Wednesday, October 09, 2013

No more dole, Tony Abbott warns the under-30s

TONY Abbott has proposed banning the dole for people under 30 in a bid to entice the unemployed to head west and fill massive skill shortages in the booming resources sector.

The Opposition Leader made the controversial remarks during a two-hour meeting with about 15 senior resources industry leaders in Perth on Monday night.

Mr Abbott told the roundtable briefing he believed stopping dole payments to able-bodied young people would take pressure off the welfare system and reduce the need to bring in large numbers of skilled migrants to staff mining projects.

His comments were attacked last night by Australian Workers Union national secretary Paul Howes, who described them as "Hansonesque".

"If he genuinely thinks you are going to solve an economically crippling skills shortage by taking punitive measures against welfare recipients, he has clearly never lived in the real world," Mr Howes said.

"You can't just get any old Joe off the street and plonk them into a mine, and think that's going to mean they can work."

Six of the attendees confirmed yesterday that Mr Abbott had raised the idea of banning welfare payments for young people to encourage them to fill the thousands of jobs emerging in states such as Western Australia and Queensland.

"He said he was thinking more and more about it, with a view to formulating something on it," said one of the participants, who asked not to be named.

Another recalled: "He definitely said it was something he was considering as a policy."

A third executive said: "It certainly wasn't a throwaway line. He brought up the issue twice during the meeting."

Mr Abbott also told the business leaders that safety mechanisms would be needed under such a scheme to protect disabled people or those with mental health problems. And he raised the possibility that employers would need to be given funding to train the unemployed, according to those present.

Some of the business leaders were surprised by the remarks, while others were impressed Mr Abbott was considering new measures to address the labour shortages in Western Australia that threaten to crimp the next resources boom.

"I thought to myself: here is a guy who thinks outside the square," said one participant.

The Minerals Council of Australia said the number of workers in the resources sector would need to grow by about 86,000 in the next decade to maintain Australia's share of global minerals markets.  It said 31,000 of those workers would need to be skilled tradespeople.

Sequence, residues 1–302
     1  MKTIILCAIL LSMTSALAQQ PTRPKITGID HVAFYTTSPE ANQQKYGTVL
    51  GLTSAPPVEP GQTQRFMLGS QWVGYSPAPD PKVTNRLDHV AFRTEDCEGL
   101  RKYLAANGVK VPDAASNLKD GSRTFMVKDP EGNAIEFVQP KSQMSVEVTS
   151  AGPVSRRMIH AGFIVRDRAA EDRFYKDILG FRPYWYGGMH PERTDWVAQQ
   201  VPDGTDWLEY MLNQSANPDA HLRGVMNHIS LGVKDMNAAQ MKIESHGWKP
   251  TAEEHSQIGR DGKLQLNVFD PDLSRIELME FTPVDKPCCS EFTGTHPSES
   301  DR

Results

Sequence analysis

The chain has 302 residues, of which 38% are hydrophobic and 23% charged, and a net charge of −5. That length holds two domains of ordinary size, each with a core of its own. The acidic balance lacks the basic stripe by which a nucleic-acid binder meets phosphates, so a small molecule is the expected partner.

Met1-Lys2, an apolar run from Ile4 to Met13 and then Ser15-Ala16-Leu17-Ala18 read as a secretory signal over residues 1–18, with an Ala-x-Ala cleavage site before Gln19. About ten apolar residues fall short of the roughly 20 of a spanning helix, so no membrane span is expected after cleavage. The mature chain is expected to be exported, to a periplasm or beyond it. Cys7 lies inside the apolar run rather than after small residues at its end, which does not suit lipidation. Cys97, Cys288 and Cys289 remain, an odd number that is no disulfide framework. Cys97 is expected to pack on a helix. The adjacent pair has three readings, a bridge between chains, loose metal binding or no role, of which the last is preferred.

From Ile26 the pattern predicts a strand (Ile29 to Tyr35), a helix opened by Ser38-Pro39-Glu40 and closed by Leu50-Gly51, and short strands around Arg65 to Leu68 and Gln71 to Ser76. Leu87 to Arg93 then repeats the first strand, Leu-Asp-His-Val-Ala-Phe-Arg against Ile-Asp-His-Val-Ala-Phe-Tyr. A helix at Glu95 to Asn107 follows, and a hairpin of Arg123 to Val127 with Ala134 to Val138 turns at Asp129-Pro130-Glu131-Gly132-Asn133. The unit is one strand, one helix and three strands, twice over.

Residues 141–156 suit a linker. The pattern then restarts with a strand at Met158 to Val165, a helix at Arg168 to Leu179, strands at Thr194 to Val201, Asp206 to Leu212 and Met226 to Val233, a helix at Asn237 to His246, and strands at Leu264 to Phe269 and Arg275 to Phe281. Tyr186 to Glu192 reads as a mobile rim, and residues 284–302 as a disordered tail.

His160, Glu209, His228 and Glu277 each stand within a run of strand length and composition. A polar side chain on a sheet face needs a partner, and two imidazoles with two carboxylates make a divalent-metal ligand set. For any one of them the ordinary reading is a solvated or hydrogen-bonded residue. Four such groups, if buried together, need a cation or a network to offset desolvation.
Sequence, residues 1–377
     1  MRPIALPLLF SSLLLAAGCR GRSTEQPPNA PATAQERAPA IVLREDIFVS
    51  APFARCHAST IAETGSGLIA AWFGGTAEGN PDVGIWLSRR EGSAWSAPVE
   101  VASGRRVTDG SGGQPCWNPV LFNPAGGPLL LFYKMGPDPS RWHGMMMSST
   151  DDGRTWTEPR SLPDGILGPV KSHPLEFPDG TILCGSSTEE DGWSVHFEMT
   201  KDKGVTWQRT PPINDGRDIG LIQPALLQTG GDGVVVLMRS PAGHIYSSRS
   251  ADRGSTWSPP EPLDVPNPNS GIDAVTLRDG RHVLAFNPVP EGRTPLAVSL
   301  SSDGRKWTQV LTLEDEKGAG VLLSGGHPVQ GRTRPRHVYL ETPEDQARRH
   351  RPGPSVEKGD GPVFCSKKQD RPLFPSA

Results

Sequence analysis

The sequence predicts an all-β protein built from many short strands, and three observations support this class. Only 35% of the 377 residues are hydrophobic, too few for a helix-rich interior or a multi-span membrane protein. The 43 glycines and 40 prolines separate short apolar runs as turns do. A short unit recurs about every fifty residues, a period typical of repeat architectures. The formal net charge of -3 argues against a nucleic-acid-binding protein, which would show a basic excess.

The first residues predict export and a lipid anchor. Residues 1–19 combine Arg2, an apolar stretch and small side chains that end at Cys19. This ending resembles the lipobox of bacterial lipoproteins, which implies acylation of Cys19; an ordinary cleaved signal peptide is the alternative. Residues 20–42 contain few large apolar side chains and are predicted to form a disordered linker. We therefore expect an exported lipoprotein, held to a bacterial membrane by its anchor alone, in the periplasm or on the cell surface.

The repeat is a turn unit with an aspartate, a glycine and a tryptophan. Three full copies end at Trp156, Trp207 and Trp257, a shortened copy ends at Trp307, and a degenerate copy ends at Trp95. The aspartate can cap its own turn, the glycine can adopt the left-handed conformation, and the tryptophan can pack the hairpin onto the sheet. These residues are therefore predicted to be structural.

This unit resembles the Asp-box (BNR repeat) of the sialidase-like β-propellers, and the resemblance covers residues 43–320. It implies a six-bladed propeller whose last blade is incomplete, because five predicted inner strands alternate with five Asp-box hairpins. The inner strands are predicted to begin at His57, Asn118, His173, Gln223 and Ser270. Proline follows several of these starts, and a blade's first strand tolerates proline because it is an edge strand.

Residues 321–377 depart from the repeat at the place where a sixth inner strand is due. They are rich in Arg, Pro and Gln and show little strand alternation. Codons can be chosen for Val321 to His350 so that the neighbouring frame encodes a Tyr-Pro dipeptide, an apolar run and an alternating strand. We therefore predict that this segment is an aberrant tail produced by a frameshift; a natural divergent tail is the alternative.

The demand for labour is expected to be most severe in Western Australia, which has about $200 billion in resources projects either under way or in the pipeline.

This is led by the $43bn Gorgon liquefied natural gas project on Barrow Island and the planned expansion of Woodside Petroleum's Pluto gas plant near Karratha.

Among the attendees at Mr Abbott's roundtable were BHP Billiton iron ore chief executive Ian Ashby, Rio Tinto's Pilbara managing director Greg Lilleyman, Woodside general counsel Rob Cole, Fortescue Metals Group director Graeme Rowley, Gindalbie Metals chief executive Garret Dixon and Inpex's Australian head, Seiya Ito.

Mr Abbott's views echo comments he made as employment services minister in 2000 when he announced that people on the dole in South Australia's Riverland would be required to seek fruit harvest work before receiving benefits.

Last night a spokeswoman for Mr Abbott confirmed he had made the remarks about the dole to the mining leaders.

The spokeswoman said Mr Abbott had posed a question about the dole for the benefit of the argument and the debate at the meeting.  But, she said, Mr Abbott's comments did not mean the approach was Coalition policy.


Perth Anglicans vote to ignore Bible

(See Romans chap. 1)

Anglicans in Perth have voted to have same-sex relationships recognised.

The church synod voted by a two-thirds majority to call for legal acknowledgment of civil unions between people of the same sex.